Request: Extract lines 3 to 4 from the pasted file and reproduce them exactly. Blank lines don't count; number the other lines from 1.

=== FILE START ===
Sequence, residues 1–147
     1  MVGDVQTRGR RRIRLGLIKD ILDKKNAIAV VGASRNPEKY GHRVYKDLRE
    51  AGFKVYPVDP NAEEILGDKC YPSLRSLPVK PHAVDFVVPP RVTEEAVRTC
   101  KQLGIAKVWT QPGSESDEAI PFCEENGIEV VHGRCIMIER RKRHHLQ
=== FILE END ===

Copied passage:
    51  AGFKVYPVDP NAEEILGDKC YPSLRSLPVK PHAVDFVVPP RVTEEAVRTC
   101  KQLGIAKVWT QPGSESDEAI PFCEENGIEV VHGRCIMIER RKRHHLQ